Synopsis by Hal Erickson
The "2000 Women" of the film's title are the female inmates in a WW II German concentration camp in France. Though many of the women don't get along, they are united in their hatred for their Nazi captors. The story takes a truly melodramatic turn when three English airmen parachute into the camp, offering a ray of hope for those inmates planning an escape. Some of the humor is "black" indeed, involving a card-playing corpse and other questionable sources of laughter, but this was the sort of material that wartime audiences wanted. Heading the cast of 2000 Women are Phyllis Calvert, Flora Robson and Patricia Roc, fine British actresses all who overcome an abundance of script deficiencies. The film was the first production of Individual Pictures, formed by the producer-director-writer team of Frank Launder and Sidney Gilliat.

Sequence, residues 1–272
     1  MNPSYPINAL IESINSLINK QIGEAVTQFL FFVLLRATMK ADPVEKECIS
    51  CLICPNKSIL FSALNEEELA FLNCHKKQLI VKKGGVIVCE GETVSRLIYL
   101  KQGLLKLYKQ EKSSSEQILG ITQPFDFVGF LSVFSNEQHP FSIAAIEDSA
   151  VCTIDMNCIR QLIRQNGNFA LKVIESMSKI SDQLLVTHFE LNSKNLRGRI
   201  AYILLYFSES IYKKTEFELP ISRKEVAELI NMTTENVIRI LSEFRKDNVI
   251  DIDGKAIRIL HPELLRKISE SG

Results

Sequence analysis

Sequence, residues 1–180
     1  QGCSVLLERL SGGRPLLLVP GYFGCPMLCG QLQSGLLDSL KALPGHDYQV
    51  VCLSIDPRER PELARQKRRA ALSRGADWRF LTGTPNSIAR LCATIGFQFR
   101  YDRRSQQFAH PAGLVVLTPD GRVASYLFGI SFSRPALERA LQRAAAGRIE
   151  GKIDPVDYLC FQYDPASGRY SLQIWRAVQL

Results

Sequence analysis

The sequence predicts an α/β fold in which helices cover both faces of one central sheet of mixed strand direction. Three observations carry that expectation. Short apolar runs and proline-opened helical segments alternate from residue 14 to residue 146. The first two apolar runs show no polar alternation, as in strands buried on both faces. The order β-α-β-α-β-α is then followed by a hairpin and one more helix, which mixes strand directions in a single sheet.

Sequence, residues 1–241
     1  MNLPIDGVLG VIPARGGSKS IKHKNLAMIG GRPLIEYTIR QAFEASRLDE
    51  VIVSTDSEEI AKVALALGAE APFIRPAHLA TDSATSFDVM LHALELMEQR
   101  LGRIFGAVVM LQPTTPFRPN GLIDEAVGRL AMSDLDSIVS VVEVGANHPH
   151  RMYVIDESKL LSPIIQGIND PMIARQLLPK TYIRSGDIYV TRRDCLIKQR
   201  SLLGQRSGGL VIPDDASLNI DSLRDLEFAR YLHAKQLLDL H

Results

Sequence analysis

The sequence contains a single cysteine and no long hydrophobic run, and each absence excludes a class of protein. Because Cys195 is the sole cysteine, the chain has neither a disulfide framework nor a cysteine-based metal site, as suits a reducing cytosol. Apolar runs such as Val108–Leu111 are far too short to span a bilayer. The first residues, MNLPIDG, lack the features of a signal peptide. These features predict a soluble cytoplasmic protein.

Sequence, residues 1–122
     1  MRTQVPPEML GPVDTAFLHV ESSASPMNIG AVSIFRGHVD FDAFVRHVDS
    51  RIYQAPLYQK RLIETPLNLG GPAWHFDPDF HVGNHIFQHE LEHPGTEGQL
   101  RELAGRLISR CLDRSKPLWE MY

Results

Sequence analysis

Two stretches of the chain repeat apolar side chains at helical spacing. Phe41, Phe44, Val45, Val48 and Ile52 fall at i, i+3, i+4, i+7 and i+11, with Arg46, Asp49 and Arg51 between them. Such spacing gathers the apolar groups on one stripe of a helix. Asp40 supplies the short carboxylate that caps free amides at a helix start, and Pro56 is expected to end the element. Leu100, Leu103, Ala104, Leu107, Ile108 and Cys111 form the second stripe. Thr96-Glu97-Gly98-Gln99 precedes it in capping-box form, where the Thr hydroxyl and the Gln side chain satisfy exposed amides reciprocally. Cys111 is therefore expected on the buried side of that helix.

refuge, war, behind-enemy-lines, Britain, concentration-camp, detention, Germany, grounded [aircraft], prison, refugee, woman